By Kayla Wamsley and Alyx Duckett
Capital News Service
RICHMOND – Despite the rain, a small group of Virginia Commonwealth University students gathered at the Capitol on Wednesday to lobby state legislators at Rams Day on the Hill.
The event, sponsored by VCU’s Student Government Association, allows participants to meet with lawmakers and lobby for bills that affect the university.
Matt Harris, political affairs aide for the SGA, said students need to get involved in mustering support for higher education.
“We live in a democratic society. And if students don’t get involved, higher education – VCU in particular – is going to get ignored,” Harris said. “If we want to have the changes that we all obviously want, we’re going to have to go and talk to our representatives.”
The students were talking to legislators about such measures as:
House Bill 2510 and Senate Bill 1459, the Virginia Higher Education Opportunity Act of 2011. It “puts in place a model for stable and predictable state funding support, relieving the upward pressure on tuition over time as state funding rebounds,” an SGA fact sheet said. The legislation would pump $50 million of new state funding into higher education.
SB 747, which would prohibit discrimination in state employment on the basis of sexual orientation, marital status and medical conditions.
HB 1505, the Higher Educational Institutions Bond Act of 2011. It “provides necessary funding that allows VCU to build critically needed residence hall space,” according to the SGA fact sheet.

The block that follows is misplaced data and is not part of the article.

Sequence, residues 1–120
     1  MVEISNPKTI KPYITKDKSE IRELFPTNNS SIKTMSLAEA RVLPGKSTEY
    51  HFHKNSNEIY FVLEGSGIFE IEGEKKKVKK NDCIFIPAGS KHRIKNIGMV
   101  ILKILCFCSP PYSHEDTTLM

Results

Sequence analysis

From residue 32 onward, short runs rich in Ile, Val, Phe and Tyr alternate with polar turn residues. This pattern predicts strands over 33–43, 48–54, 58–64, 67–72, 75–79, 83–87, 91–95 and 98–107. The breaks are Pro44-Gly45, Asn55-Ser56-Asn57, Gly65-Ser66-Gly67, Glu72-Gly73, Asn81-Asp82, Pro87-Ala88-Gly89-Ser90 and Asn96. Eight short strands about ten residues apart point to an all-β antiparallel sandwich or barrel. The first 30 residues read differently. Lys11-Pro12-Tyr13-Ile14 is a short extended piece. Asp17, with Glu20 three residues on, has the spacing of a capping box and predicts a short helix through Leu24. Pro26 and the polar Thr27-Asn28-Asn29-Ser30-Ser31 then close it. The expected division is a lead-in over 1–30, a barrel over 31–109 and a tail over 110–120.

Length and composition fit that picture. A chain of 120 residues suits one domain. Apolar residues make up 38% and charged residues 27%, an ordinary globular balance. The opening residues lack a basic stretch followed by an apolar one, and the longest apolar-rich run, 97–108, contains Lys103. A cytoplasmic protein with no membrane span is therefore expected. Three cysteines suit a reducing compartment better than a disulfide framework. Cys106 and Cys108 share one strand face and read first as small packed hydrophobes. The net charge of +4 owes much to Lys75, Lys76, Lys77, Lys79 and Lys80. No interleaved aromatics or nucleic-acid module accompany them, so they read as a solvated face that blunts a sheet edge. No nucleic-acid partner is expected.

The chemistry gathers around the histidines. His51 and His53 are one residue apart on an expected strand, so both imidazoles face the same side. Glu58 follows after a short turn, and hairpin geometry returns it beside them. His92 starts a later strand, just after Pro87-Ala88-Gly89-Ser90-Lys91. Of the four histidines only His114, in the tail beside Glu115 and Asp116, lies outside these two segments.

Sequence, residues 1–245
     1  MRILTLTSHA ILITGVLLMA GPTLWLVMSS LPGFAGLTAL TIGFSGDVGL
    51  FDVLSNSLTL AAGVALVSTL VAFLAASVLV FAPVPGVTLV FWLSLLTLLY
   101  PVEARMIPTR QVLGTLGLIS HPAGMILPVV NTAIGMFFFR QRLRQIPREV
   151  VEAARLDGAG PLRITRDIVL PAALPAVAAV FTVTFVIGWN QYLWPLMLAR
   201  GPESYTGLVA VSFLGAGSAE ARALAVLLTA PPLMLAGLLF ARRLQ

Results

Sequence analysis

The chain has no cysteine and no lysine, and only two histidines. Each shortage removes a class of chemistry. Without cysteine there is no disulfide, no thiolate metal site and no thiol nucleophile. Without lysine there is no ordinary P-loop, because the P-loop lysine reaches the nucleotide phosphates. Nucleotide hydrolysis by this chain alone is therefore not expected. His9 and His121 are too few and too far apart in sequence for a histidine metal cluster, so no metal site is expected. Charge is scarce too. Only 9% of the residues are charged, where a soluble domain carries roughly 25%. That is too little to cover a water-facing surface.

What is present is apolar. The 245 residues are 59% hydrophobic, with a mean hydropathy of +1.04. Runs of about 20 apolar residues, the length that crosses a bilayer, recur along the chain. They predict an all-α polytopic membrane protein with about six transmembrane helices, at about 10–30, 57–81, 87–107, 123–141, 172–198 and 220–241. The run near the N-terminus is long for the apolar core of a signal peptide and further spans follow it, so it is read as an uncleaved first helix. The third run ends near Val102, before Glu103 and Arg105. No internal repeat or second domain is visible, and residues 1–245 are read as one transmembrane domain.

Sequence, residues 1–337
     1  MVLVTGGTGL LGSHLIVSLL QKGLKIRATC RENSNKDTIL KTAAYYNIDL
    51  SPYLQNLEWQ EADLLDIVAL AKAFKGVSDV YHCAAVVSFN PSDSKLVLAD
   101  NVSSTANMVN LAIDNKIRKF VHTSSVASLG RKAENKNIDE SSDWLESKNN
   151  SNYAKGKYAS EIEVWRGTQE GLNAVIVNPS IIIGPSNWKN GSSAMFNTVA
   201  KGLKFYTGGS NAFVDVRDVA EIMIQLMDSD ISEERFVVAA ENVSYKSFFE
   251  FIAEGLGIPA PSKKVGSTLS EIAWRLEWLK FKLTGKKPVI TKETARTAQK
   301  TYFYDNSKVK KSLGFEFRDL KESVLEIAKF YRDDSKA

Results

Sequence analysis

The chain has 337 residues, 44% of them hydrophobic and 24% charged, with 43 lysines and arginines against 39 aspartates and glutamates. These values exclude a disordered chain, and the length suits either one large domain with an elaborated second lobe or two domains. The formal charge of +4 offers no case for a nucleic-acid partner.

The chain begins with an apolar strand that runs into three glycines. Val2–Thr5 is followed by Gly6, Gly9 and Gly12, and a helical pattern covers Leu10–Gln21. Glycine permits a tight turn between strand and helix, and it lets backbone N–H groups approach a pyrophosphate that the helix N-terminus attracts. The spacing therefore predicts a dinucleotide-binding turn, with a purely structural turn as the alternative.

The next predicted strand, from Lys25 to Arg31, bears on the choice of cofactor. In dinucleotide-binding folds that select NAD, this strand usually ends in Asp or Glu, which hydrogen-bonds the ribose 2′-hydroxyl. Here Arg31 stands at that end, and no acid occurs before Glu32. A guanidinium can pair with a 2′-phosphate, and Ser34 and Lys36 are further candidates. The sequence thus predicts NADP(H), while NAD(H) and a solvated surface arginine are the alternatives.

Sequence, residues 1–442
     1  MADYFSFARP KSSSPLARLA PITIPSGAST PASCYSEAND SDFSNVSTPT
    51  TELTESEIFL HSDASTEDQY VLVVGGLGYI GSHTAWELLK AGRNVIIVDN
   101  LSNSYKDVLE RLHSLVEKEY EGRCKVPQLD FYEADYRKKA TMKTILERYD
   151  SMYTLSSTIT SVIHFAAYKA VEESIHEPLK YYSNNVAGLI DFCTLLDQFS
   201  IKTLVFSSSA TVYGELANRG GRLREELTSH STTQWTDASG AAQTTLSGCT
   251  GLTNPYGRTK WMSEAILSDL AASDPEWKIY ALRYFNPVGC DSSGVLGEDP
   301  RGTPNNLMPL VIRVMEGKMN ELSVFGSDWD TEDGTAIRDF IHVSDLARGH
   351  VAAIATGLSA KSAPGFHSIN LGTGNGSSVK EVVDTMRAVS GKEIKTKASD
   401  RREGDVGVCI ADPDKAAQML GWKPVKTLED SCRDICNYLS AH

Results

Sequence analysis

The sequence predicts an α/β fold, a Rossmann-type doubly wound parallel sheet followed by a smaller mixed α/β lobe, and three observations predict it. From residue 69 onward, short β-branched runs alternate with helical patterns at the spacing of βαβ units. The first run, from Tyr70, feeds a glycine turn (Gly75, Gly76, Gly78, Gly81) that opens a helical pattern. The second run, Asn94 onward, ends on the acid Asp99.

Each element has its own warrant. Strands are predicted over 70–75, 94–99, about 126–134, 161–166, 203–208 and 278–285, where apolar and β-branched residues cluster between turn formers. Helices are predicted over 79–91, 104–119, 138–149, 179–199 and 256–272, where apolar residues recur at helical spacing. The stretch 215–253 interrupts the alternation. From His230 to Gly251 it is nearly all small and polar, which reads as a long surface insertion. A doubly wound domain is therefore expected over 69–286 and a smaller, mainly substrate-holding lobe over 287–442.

HB 1435, which would require colleges to count American Sign Language courses taken in high school toward foreign language entrance requirements.
Ian Jordan, who chairs the Legislative Issues and Civic Action Committee of the SGA, said he believes students care about pocketbook issues such as tuition and social justice issues such as nondiscrimination.
“These are important things to students; these things affect students,” Jordan said.
Other student priorities during the General Assembly session include faculty and staff compensation, base adequacy funding and revisions in the state budget.
Gov. Bob McDonnell has proposed revising the state budget in ways that would both hurt and help the university. He recommended:
Cutting VCU’s state funding by more than $17 million to punish the school for raising in-state undergraduate tuition and fees by 24 percent last spring. The cut would be equivalent to half of the money raised by the tuition increase.
Paying VCU $3.3 million for an East Broad Street parking lot that is the site of a historic slave burial ground. In exchange, VCU would transfer the property to the city of Richmond.
Awarding $5 million for VCU’s Massey Cancer Center to strengthen its research program and “meet the National Cancer Institute’s requirements for designation as a comprehensive cancer center.”
Jazmin Tanner, a senator for the SGA, is an out-of-state student who participated in Wednesday’s lobbying. Although not every bill affects her, she supports the idea of keeping tuition low for in-state students.
“I definitely support all the things my school is going for because anything that can save people money, I think, is fair,” Tanner said.